• Phishing: Phishing attacks, as mentioned earlier, use deceptive emails, messages, or websites to trick recipients into revealing personal information, login credentials, or financial details. These messages can appear highly convincing, often mimicking reputable organizations, banks, or government agencies. Threat actors create a sense of urgency or fear to manipulate recipients into taking immediate action, such as clicking on a malicious link or downloading a harmful attachment.
  • Baiting: Baiting attacks entice victims by offering something appealing, like free software, music downloads, or other enticing digital content. The attacker typically disguises malicious code within the enticing offer. When victims download the bait content, they unknowingly infect their systems with malware, giving attackers access to sensitive information and/or control over the compromised device.
  • Tailgating and Piggybacking: Physical security is just as vital as digital security. In these types of attacks, individuals gain unauthorized access to secure areas by exploiting trust or exploiting the kindness of others. Tailgating involves an attacker closely following an authorized person into a restricted area, while piggybacking occurs when an attacker convinces someone to hold a door open for them. Both methods capitalize on the human tendency to be polite and helpful.
  • Quid Pro Quo: In quid pro quo attacks, attackers offer something in exchange for information or access. For instance, they might pose as IT support and promise to fix a non-existent issue on a victim’s computer. In return, they request the victim’s login credentials or other confidential information. This type of social engineering leverages the victim’s desire for immediate help or gain.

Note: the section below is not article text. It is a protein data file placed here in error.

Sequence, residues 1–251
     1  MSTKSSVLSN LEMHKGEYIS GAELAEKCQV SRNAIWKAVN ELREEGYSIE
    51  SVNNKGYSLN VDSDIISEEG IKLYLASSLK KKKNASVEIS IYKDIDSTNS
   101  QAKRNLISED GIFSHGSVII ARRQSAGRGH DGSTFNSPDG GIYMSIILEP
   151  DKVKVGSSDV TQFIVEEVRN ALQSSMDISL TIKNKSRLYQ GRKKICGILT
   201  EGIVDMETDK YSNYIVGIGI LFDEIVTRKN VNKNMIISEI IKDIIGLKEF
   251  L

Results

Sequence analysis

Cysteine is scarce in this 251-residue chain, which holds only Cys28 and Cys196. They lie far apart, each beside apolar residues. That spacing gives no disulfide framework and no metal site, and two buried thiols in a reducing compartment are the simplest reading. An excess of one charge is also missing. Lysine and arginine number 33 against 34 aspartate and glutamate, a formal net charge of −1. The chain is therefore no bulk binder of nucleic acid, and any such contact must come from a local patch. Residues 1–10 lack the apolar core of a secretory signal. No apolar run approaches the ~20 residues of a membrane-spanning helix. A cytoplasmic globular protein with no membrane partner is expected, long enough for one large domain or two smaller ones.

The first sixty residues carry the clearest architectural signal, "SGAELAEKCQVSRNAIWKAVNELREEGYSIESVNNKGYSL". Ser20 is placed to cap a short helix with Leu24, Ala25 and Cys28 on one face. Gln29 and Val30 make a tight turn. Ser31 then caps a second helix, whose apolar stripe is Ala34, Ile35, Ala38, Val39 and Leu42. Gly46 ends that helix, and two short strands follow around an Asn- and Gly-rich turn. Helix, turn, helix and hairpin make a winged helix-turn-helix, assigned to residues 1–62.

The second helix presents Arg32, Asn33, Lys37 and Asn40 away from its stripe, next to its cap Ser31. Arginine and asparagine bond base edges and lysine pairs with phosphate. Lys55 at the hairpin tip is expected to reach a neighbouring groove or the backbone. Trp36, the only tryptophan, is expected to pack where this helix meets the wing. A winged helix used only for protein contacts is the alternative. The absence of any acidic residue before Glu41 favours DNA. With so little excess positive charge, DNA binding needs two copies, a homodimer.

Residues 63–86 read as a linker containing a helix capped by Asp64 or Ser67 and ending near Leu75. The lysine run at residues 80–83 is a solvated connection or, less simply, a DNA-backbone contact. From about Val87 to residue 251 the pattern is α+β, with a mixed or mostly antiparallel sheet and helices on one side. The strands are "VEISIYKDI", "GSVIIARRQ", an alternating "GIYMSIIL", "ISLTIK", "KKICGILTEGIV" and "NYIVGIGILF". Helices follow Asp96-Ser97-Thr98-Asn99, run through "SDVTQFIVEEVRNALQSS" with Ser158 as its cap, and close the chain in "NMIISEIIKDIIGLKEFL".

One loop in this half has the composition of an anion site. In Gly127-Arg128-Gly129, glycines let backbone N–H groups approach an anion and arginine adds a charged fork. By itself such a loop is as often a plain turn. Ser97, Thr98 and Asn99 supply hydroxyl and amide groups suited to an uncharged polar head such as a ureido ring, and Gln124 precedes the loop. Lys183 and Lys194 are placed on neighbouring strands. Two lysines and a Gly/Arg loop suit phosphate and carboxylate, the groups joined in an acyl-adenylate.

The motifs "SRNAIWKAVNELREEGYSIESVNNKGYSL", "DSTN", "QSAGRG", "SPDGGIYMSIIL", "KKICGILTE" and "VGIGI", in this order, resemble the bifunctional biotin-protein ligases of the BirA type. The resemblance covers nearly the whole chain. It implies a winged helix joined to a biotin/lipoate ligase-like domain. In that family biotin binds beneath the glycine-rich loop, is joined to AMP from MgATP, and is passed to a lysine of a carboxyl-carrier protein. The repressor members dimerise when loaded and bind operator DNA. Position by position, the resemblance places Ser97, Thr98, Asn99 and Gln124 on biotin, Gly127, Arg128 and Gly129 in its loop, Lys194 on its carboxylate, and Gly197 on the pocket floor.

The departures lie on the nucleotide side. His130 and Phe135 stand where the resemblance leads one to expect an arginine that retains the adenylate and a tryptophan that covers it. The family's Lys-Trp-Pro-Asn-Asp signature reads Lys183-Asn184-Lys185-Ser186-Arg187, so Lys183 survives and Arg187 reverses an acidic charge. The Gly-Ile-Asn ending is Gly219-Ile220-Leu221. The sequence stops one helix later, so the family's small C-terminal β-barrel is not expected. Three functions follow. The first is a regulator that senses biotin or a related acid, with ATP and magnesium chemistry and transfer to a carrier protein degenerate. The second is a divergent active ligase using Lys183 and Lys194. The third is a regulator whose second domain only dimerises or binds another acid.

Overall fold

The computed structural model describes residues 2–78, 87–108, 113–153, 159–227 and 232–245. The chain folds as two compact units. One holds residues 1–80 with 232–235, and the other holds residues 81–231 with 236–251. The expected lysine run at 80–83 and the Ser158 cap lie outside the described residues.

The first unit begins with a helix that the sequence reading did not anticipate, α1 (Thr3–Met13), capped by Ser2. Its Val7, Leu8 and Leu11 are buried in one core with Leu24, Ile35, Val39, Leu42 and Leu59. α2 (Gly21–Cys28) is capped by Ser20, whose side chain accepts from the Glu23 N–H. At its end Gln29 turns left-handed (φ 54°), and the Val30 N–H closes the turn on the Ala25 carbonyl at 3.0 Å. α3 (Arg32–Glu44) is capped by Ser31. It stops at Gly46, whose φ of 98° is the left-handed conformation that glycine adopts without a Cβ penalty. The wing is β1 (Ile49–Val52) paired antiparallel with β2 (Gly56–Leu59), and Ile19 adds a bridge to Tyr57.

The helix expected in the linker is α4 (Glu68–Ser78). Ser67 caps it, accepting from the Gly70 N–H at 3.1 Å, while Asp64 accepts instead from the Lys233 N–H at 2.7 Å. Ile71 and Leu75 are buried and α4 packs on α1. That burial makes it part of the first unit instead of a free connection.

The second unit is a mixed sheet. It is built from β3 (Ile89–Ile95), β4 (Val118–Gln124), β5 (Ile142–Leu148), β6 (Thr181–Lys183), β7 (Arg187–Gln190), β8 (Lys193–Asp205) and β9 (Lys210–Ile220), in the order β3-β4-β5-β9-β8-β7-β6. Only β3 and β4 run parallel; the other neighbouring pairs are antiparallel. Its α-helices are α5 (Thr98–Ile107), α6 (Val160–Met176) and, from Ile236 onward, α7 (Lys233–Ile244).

The recent MGM cyberattack is only one example in a relentless slew of social engineering attacks that aim to exploit the ever-so vulnerable human nature. Social engineering and phishing attacks, which manipulate individuals rather than computer systems, will continue to pose substantial risks to organizations, which is why it’s incredibly necessary for organizations to provide proper cybersecurity training to employees. All it takes is one small foothold: a click on a phishing link, a held-open door for an attacker to enter the building, or secure information given from an IT help desk to a threat actor pretending to be an employee.

How Can Netizen Help?

Netizen ensures that security gets built-in and not bolted-on. Providing advanced solutions to protect critical IT infrastructure such as the popular “CISO-as-a-Service” wherein companies can leverage the expertise of executive-level cybersecurity professionals without having to bear the cost of employing them full time. 

We also offer compliance support, vulnerability assessments, penetration testing, and more security-related services for businesses of any size and type. 

Additionally, Netizen offers an automated and affordable assessment tool that continuously scans systems, websites, applications, and networks to uncover issues. Vulnerability data is then securely analyzed and presented through an easy-to-interpret dashboard to yield actionable risk and compliance information for audiences ranging from IT professionals to executive managers.

Netizen is an ISO 27001:2013 (Information Security Management), ISO 9001:2015, and CMMI V 2.0 Level 3 certified company. We are a proud Service-Disabled Veteran-Owned Small Business that is recognized by the U.S. Department of Labor for hiring and retention of military veterans.